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Rewriting my over-engineered CLI in Rust: Motivation

This is Part 1 in Building a CLI in Rust Series


I like to experiment with new languages and frameworks. But I am pretty bad at finding a viable use case as a side project to test them out. It is often advised that the best thing to work on is to figure out the problems in your workflow and devise a solution. Nowadays, it is to remove any friction from my writing workflow.

I use Obsidian for almost all of my creative note-taking. Any programming-related stuff, exploration, and research goes into the Obsidian. At one point, I also wanted to integrate my writing workflow into Obsidian. It is the place I keep all my “knowledge”. It would be pretty easy to connect the dots in there, right?

Premature optimization

Having this workflow is a double-edged sword. Writing in Obsidian is an enjoyable experience, but the side of me that likes to build a system and optimize it took over at some point and wrote a CLI called lazydraft just to easily copy and paste files between my vault and my website content folder.

This tool worked initially. But looking back, I realised I could’ve planned its design much better. First, the API surface I initially created is bloated, and the main functionality is lost among all the non-trivial commands. This is the current command list that It supports:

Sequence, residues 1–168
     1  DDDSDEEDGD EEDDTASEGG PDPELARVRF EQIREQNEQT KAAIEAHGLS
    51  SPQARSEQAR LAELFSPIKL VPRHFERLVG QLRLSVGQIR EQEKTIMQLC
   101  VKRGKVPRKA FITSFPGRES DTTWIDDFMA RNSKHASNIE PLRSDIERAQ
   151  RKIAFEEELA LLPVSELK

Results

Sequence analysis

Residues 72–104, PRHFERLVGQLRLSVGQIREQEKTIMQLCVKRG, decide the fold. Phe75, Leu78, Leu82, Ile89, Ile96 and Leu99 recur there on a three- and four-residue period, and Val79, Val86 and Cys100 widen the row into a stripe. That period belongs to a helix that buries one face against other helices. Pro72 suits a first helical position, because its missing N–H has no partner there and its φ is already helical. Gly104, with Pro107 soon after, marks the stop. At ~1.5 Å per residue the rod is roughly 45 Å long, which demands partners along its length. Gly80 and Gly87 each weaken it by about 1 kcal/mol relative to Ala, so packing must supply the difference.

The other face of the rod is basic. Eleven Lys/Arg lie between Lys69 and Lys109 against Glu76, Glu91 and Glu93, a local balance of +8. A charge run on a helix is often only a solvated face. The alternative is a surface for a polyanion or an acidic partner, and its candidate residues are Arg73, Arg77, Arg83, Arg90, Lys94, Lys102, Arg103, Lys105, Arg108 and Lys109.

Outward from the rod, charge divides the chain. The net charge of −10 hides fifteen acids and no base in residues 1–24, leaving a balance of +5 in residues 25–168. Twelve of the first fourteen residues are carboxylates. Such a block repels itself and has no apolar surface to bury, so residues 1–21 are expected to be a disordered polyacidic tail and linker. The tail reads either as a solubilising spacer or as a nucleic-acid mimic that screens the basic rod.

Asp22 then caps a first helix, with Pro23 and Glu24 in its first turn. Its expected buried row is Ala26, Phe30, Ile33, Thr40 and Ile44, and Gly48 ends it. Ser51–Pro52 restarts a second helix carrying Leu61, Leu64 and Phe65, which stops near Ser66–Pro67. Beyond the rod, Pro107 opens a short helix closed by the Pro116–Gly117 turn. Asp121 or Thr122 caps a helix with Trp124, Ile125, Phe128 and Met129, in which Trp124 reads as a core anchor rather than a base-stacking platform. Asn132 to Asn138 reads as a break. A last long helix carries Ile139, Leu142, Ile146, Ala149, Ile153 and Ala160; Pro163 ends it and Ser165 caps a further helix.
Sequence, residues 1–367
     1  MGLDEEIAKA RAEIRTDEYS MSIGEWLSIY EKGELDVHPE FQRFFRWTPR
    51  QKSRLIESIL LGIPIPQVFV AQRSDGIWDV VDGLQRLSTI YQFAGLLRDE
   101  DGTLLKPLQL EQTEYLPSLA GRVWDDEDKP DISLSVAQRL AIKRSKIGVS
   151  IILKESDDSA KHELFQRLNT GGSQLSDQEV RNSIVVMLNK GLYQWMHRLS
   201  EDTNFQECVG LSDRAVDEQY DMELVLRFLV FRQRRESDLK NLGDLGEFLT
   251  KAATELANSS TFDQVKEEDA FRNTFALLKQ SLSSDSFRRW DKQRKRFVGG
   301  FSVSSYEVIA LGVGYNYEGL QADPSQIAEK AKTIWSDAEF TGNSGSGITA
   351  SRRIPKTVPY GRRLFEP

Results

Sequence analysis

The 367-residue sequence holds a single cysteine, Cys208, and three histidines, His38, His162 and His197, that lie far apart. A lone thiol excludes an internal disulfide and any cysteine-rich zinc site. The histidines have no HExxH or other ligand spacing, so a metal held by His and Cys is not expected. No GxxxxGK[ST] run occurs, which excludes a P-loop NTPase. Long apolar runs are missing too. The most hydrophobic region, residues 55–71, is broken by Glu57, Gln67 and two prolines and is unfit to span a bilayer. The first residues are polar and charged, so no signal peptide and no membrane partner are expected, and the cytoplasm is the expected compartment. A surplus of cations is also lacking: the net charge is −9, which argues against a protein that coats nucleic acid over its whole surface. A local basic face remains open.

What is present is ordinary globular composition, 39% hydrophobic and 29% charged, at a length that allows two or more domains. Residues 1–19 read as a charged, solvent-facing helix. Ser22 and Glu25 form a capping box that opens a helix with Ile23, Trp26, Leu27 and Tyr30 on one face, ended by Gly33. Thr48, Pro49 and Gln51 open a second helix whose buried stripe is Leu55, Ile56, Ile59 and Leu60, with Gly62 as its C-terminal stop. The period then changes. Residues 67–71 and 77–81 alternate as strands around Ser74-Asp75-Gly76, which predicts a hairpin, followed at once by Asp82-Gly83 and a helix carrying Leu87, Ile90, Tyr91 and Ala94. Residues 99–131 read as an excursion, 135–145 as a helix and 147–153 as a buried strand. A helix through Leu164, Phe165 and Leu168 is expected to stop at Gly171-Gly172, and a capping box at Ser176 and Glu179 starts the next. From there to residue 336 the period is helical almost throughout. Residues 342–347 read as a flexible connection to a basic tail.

LazyDraft Command List

The second thing is that the tool itself is called lazydraft, but it has an internal draft command to access the actual functionality. That command list is also bloated.

Draft Command List


I want to write more on my website and use Obsidian to do it. Removing the friction between my note-taking and publishing medium is a small optimization I could live without now. However, this is an opportunity to hit several birds with one stone.

  • I will simplify the API surface of the tool and make it more usable for myself.
  • I will rewrite the tool in Rust, a multi-paradigm programming language that I wanted to try for a long time. This project is small enough that I can finish and large enough that I will get my hands dirty to learn the basics of the language.
  • I will publish the new version using HomeBrew. Remembering that workflow for future side projects might be a good investment.
  • I plan this as a writing series to experiment with this type of content and find my rhythm in writing.

So here we are. This post is the first in Building a CLI in Rust series. In the next post, I plan to focus on research for the Rust version of the tool and come up with a leaner API.

Cover Image: Photo by Shelby Miller on Unsplash